You are a conservative Democrat, Senator Manchin, but still a Democrat, if only for a bit longer. I would wager you care about some of the priorities in the huge budget reconciliation bill that President Joe Biden supports. Do you think any of the provisions you favor in that bill will ever become law if Republicans can do as they please? Or, stay as law if you manage to squeak legislation through this term?

All of this is why passing the Freedom to Vote Act is so important. Nothing gets done — or stays done — without it. You know this, which is why you worked with several of your Democratic colleagues on the legislation. If passed, this bill will override restrictive state laws that make voting more difficult. It will prevent Republican voting officials from purging voter rolls, and it will guarantee mail-in voting. The bill curbs gerrymandering, limits dark money, and prevents state officials from manipulating election results. As you well know, these are good things for a democracy, senator!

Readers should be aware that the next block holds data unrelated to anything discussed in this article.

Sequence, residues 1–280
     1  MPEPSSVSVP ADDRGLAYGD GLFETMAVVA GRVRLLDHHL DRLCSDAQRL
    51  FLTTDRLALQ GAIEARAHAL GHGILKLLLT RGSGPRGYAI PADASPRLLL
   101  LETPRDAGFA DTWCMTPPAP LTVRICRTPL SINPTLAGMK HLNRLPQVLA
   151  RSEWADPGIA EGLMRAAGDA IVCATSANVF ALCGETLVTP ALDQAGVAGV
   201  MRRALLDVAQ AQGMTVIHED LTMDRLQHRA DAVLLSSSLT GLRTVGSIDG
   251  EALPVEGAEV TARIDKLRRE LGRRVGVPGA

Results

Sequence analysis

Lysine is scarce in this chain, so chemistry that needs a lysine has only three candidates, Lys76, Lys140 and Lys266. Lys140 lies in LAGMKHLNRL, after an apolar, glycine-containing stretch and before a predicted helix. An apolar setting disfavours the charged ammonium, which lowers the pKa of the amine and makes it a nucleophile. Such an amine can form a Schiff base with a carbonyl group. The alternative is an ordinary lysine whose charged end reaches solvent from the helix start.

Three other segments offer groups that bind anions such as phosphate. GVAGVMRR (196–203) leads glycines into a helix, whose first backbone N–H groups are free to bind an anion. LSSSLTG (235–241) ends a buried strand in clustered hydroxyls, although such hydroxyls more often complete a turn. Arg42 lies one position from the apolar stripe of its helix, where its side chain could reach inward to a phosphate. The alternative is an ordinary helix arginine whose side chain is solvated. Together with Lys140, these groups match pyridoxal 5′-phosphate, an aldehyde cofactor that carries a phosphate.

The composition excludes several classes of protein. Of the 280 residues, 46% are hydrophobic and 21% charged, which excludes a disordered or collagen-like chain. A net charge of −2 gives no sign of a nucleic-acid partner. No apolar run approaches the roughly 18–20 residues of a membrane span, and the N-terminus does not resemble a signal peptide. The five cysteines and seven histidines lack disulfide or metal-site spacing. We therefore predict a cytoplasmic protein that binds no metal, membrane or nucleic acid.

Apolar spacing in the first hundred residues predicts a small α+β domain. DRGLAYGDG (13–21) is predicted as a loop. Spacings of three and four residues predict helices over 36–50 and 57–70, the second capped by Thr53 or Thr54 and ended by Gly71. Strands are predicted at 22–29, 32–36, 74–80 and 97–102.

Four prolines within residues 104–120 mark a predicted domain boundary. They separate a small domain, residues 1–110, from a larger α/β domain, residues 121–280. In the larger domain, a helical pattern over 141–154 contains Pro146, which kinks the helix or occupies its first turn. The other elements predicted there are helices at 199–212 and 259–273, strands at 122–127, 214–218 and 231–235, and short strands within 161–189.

This bill is foundational. You know that, which is why you worked on it. You thought a compromise might attract Republican senators. Well, nice try! Wednesday, in the Senate, all 50 Republicans voted against permitting debate on the bill. They invoked the filibuster, preventing even consideration of this all-important legislation. As Senate Majority leader Chuck Schumer put it, “If there’s anything worthy of the Senate’s attention, if there’s any issue that merits debate on this floor, it’s protecting our democracy from the forces that are trying to unravel it from the inside out.”